Tobacco Control in Nigeria: Can the proposed Smoking Act Work?
By Abdallah el-Kurebe
For the control of any crime or legal but injurious act, there must be a law. That law must have specific elements, including but not limited to:
(b) enforceability and
(c) serves as deterrent to offenders
Tobacco smoking is a long time habit for many Nigerians in sections of the country. The act attracts people of all shades and ages, with the youths seeing it as a fashionable habit to delve in.
According to TobaccoAtlas, nearly 20 percent of the world’s adult population smokes cigarettes. It is further estimated that in 2009, smokers consumed nearly 5.9 trillion cigarettes. This is the most recent available data.
In the Middle East and Africa, Tobacco consumption between 1990 and 2009 increased
by 57 percent. This is an alarming figure, especially where global health concerns are growing by the day.
On the basis of this, a Protocol to Eliminate Illicit Trade in Tobacco Products known as “WHO Framework Convention on Tobacco Control (WHO FCTC) was drawn. Nigeria became one of the 168 signatories to the Protocol on June 28, 2004 and was ratified on October 20, 2005.
In order to domesticate the WHO FCTC, Nigeria has began the process of promulgating the “Nigeria Smoking (Control) Act” as a comprehensive law to regulate the manufacturing, advertising, distribution and consumption of tobacco products in the country.
The Nigerian Senate passed the first reading of the bill to control the use of tobacco only on September 24, 2014.
In the proposed Act, the “Core demand reduction” as well as the “Core supply reduction” provisions in the WHO FCTC are contained in articles 15-17 and 6-14 of the bill, respectively.
While the core demand reduction provisions introduced prohibitive measures to down demand of the product, The core supply reduction provisions try to down the supply chain of the product.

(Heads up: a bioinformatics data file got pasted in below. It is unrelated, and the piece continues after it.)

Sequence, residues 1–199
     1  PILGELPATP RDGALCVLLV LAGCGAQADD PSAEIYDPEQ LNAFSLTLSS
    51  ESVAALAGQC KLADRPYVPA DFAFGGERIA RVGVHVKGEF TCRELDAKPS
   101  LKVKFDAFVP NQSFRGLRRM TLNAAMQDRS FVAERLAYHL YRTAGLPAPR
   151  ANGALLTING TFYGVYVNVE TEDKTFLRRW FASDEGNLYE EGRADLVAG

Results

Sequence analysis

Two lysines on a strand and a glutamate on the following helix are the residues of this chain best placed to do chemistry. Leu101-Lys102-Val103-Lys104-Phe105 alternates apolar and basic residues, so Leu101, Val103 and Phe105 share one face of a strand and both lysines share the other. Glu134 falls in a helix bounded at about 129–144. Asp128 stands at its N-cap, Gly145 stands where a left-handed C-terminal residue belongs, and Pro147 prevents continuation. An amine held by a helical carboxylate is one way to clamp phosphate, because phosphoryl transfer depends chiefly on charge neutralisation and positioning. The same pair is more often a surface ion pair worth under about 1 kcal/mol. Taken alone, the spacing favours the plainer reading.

The core demand reduction provisions are geared towards price and tax measures and non-price measures to reduce the demand for tobacco.
These provisions include: Protection from exposure to tobacco smoke; Regulation of the contents of tobacco products; Regulation of tobacco product disclosures; Packaging and labelling of tobacco products; Education, communication, training and public awareness; Tobacco advertising, promotion and sponsorship; and Demand reduction measures concerning tobacco dependence and cessation.
On the other hand, the core supply reduction provisions are: Illicit trade in tobacco products; Sales to and by minors; and Provision of support for economically viable alternative activities.
In spite of the fact that Nigerian economy loses about $591 million annually as cost of medical treatment and low productivity resulting from tobacco smoking, the proposed law provides as punishment for smoking at prohibited places “Any person who smokes tobacco contrary to the provisions of this Act shall be guilty
of an offence under this Act and shall be liable on conviction to a fine of not less than N200 (less than $2.00) and not exceeding N1,000 (approximately $6.00) or to imprisonment to a term of not less than one month and not exceeding two years or to both such fine and imprisonment.”
The penalties as enshrined in the proposed law does not suggest deterrence. The minimal fine of $2.00 or maximal of $6.00 is infinitesimally low and cannot stop smokers from the act or manufacturers from advertising the product.
The proposed law stipulates a fine of a paltry N5,000.00 ($30) for wrongful advertising. “Any person who advertises, sells or offers for sale any tobacco product otherwise than in compliance with the provisions of this Act shall be guilty of an offence under this Act and shall be liable, on conviction, to a fine of not less than N5,OOO.”
We are talking about a product, which is the only legally available product that kills more than half of its users when consumed as intended by the manufacturer.
“Scientists evidence shows that tobacco is a major threat to public health. It currently kills about six million people a year and if current trend continues that figure will rise to 10 million a year by 2015,” said Mr. Akinbode Oluwafemi, the Director of Environmental Rights Action and Friends of the Earth (ERA.
“Real statistics shows that the cost of tobacco smoking to the Nigerian economy in terms of losses to medical treatment and low productivity is at US$591 million annually,” Oluwafemi said.
The proposed Act should have more prohibitive provisions, including those that would protect the rights of non-smokers.
The fines in the proposed Act will not work if we are to achieve the “Core Demand and Supply Reductions.” Prohibitive fines should be introduced in order to discourage smoking among the people.